The video for Starmonger‘s “Dark and Gloomy” does well in terms of living up to its name. It starts out with a creepy kind of Gollum/mystic/zombie guy in a room with some tarot cards, taxidermy, flashing lights, wallpaper that needs replacing and other freaky bric-a-brac, and then, after the riff kicks in and the leather-jacket-clad Parisian three-piece start whipping out dirtied up Red Fang melody delivered with post-Baroness harmonies from bassist Steve and guitarist Arthur while Seb pounds away on drums, Mr. Grey — gotta call him something — pukes up some rubber cement, makes a paper mache mask out of the cards, and interpretative dance performance art ensues. I don’t mind telling you it’s fucking weird. It’s also dark. And gloomy. So, mission accomplished. Also, the song rules.

“Dark and Gloomy” appears on Starmonger‘s third EP, Revelation III. You can probably guess what its two predecessors were called, and they were released in 2017 and 2015, respectively. The trio did a video last Fall for the other song on Revelation III, “Rust to Dust,” and the vibe was totally different. No leather jackets, no creepy rubber cement vomit, just some old public domain footage of race cars and the band in their rehearsal space mixed together. Fair enough to go for something else this time around, but it really draws a line atmospherically between the two songs, when essentially the components that make them up are similar in terms of melody, tone, groove, etc. Something to be said perhaps for the power of suggestion in thinking “Dark and Gloomy” is dark and gloomy, but it’s to the band’s credit either way that they’re able to manipulate their approach to convey multiple atmospheres even just on a two-song release. Of course, it’s their third one — actually, Revelation II had three songs — so take that as you will.

Reportedly — and by that I mean going from what they say below — there’s another EP in the works. I can only think that Starmonger have made a purposeful choice not to put out a full-length at this point. Not that it’s been so long — four years since the first EP is nothing on the grand cosmic scale — but I don’t think you can listen to “Dark and Gloomy” or “Rust to Dust” and think of them as a new band searching for their sound. They’ve clearly got it down. So maybe the shorter releases are a way to build up to an eventual compilation? If so, they’re just about there. But that seems like an easy answer. I wonder what the reasoning is for a fourth EP instead of an LP, that’s all. I’m not criticizing it or saying it’s a bad choice or it’s wrong somehow — if it’s what they want to do and they know that, then it’s very much the right choice — I’m just curious, that’s all.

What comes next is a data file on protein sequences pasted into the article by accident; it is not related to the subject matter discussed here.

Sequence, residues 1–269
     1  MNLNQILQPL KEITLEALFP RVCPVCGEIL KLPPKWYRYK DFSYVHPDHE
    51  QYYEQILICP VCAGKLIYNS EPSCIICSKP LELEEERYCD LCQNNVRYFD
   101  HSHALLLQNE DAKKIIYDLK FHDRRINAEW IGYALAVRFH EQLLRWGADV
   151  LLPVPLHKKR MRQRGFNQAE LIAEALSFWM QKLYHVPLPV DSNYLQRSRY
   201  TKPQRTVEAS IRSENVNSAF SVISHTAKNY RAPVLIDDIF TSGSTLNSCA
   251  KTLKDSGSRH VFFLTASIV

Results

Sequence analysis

Something to think about while you’re watching Mr. Grey regurgitate adhesives. Gross. Ha.

These guys know what they’re doing. Enjoy the clip:

Starmonger, “Dark and Gloomy” official video premiere

Psychic, seer, fortune-teller…? Starmonger gives glimpses of their divinations through spellbinding melodies and rhythms, occult revelations and fantastic, extravagant stories.

In 2015, Steve (bass) and Arthur (guitar) began incorporating modern stoner rock influences and orientations to their jams. They quickly recorded their first homemade demo, “Revelation”, and after offering several drummers in ritual sacrifices, they were joined by Seb in 2017 on heavy-drumming duty.

With their next EPs, “Revelation II” and “III”, Starmonger continued its search for expanding and thickening its own sound. As they refuse to stay stuck with the same old recipe, Steve, Arthur and Seb keep experimenting with old school 70s rock and mesmerizing, fuzz-soaked stoner rock beats, while adding a progressive dimension to the raw power and efficiency of a power-trio format. Throughout their songs, the band evoke strange and phantasmagoric B-movies and pulp stories, from post-apocalyptic deserts to unfathomable beasts from the abyss.

2019 is packed with promises, with a new music video for “Dark & Gloomy” (from “Revelation III”) along with multiple gigs around Paris. Starmonger is also polishing their new songs for another homemade, self-produced EP. Stay tuned…

Their 3 self-produced EPs are available on bandcamp: https://starmonger.bandcamp.com/

Next live gigs :
23 May 2019 : le Klub, Paris (with Stoned Void, Dead Acid People, Qilin)

Starmonger are :
Steve : bass & vocals
Arthur : guitars
Seb : drums

Starmonger, Revelation III EP (2018)

Starmonger on Thee Facebooks

Starmonger on Bandcamp